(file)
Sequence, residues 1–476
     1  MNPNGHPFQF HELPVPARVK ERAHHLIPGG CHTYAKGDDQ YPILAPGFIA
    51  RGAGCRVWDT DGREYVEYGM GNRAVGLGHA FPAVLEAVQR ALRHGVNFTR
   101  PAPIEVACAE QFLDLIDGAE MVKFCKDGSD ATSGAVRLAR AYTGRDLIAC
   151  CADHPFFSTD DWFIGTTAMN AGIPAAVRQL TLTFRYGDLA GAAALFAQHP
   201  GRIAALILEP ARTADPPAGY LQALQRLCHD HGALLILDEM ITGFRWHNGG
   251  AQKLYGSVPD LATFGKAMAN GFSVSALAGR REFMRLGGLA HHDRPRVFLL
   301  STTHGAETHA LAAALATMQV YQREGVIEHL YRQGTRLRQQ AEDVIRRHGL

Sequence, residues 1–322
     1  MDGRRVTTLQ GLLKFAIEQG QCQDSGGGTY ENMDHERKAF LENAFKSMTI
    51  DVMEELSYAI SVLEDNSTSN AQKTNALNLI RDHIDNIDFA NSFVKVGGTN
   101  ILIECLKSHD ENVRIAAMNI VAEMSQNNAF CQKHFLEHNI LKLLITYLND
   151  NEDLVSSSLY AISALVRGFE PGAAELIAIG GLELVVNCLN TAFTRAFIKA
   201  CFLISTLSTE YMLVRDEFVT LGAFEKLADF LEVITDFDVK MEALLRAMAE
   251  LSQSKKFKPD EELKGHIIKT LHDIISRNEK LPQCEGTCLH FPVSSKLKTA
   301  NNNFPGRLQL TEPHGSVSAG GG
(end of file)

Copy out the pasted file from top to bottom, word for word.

Sequence, residues 1–476
     1  MNPNGHPFQF HELPVPARVK ERAHHLIPGG CHTYAKGDDQ YPILAPGFIA
    51  RGAGCRVWDT DGREYVEYGM GNRAVGLGHA FPAVLEAVQR ALRHGVNFTR
   101  PAPIEVACAE QFLDLIDGAE MVKFCKDGSD ATSGAVRLAR AYTGRDLIAC
   151  CADHPFFSTD DWFIGTTAMN AGIPAAVRQL TLTFRYGDLA GAAALFAQHP
   201  GRIAALILEP ARTADPPAGY LQALQRLCHD HGALLILDEM ITGFRWHNGG
   251  AQKLYGSVPD LATFGKAMAN GFSVSALAGR REFMRLGGLA HHDRPRVFLL
   301  STTHGAETHA LAAALATMQV YQREGVIEHL YRQGTRLRQQ AEDVIRRHGL

Sequence, residues 1–322
     1  MDGRRVTTLQ GLLKFAIEQG QCQDSGGGTY ENMDHERKAF LENAFKSMTI
    51  DVMEELSYAI SVLEDNSTSN AQKTNALNLI RDHIDNIDFA NSFVKVGGTN
   101  ILIECLKSHD ENVRIAAMNI VAEMSQNNAF CQKHFLEHNI LKLLITYLND
   151  NEDLVSSSLY AISALVRGFE PGAAELIAIG GLELVVNCLN TAFTRAFIKA
   201  CFLISTLSTE YMLVRDEFVT LGAFEKLADF LEVITDFDVK MEALLRAMAE
   251  LSQSKKFKPD EELKGHIIKT LHDIISRNEK LPQCEGTCLH FPVSSKLKTA
   301  NNNFPGRLQL TEPHGSVSAG GG